"Operator Spreading and the Quantum Butterfly Effect in Random Unitary Circuits"
This event is part of the Condensed Matter Theory Seminar Series.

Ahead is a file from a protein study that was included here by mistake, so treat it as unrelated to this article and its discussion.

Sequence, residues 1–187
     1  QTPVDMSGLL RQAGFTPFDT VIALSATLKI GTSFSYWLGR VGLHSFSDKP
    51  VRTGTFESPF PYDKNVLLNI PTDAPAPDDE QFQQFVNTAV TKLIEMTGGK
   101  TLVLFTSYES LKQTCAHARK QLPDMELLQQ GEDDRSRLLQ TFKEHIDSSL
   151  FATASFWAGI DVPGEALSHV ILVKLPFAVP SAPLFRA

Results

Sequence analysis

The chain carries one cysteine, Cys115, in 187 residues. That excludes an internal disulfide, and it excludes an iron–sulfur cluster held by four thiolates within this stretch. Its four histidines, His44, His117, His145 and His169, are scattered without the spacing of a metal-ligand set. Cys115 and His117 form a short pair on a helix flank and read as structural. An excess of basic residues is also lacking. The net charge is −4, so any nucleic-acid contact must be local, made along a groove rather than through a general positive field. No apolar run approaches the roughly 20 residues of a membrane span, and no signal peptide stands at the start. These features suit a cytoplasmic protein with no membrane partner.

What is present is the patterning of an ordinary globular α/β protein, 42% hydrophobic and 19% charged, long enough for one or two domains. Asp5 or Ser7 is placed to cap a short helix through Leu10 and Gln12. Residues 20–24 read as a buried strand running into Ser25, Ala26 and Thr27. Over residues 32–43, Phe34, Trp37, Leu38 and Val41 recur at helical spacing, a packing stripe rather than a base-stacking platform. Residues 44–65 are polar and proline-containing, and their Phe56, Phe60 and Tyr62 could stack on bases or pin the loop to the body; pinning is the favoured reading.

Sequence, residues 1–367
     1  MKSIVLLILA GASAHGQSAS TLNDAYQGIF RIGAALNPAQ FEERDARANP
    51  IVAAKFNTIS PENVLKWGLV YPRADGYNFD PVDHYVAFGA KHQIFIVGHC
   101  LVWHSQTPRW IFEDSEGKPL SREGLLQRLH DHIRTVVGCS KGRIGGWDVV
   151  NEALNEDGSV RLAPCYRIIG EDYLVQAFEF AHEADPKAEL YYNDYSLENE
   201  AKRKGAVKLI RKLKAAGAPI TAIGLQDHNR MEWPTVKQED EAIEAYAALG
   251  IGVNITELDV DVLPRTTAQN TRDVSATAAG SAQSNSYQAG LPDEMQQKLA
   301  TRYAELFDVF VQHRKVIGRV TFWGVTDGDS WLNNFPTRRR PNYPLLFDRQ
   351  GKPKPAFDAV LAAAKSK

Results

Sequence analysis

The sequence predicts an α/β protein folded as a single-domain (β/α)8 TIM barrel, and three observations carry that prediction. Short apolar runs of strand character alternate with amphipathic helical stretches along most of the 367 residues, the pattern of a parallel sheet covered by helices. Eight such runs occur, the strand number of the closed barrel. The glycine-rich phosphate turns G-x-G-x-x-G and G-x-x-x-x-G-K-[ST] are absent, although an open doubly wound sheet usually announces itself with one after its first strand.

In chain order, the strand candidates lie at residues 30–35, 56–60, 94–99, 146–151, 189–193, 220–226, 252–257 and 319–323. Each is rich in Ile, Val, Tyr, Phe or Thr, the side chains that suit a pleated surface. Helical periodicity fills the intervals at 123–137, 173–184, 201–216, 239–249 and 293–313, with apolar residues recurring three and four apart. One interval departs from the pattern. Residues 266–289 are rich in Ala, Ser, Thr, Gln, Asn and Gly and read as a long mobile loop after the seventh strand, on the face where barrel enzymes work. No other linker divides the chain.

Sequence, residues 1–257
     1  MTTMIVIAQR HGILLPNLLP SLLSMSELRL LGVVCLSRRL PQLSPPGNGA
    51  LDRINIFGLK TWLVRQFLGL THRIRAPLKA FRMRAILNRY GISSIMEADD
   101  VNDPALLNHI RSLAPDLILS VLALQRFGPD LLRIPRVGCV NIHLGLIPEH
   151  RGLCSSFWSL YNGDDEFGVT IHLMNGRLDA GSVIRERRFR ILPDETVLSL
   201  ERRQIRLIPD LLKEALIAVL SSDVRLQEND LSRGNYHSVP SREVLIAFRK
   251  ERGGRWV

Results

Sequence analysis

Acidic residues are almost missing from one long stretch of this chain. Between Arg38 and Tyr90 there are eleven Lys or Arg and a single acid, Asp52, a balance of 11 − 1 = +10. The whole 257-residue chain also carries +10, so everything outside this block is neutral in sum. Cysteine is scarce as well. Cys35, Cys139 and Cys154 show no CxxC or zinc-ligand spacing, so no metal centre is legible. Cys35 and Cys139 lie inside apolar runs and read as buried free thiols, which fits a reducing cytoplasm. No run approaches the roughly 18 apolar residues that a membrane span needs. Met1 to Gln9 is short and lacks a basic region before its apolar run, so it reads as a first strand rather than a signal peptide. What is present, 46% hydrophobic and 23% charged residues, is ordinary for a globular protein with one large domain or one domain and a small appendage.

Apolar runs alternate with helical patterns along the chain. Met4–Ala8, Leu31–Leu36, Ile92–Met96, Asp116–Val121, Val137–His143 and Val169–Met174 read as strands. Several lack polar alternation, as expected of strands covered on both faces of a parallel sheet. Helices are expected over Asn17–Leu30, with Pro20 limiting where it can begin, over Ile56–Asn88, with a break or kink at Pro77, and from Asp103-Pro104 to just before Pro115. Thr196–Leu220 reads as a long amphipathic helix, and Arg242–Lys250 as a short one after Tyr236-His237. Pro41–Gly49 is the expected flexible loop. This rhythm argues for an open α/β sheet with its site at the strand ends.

We provide universal, long-distance descriptions for the ‘quantum butterfly effect’, which describes the spreading of a local disturbance in a quantum medium, and is quantified by the ‘out-of-time-order correlator’ (OTOC). We obtain these results by studying quantum circuits made of random unitaries, which yield minimally structured models for chaotic quantum dynamics, and are able to capture universal properties of quantum entanglement growth. In this setting, we demonstrate a mapping between the OTOC and classical growth processes, which leads to exact results and explicit universal scaling forms for the OTOC. In 1+1D, we demonstrate that the OTOC satisfies a biased diffusion equation, which gives exact results for its spatial profile, and for the butterfly speed. In higher dimensions, we show that the averaged OTOC can be understood exactly via a correspondence with a classical droplet growth problem. We support our analytic argument with simulations in 2+1D and demonstrate that in a lattice model, the late time shape of the spreading operator is in general not spherical. However when full spatial rotational symmetry is present in 2+1D, our mapping implies an exact asymptotic form for the OTOC in terms of the Tracy-Widom distribution. For an alternative perspective on the OTOC in 1+1D, we map it to the partition function of an Ising-like model. As a result of special structure arising from unitarity, this partition function reduces to a random walk calculation which can be performed exactly. We argue that the coarse-grained pictures carry over to operator spreading in generic many-body systems.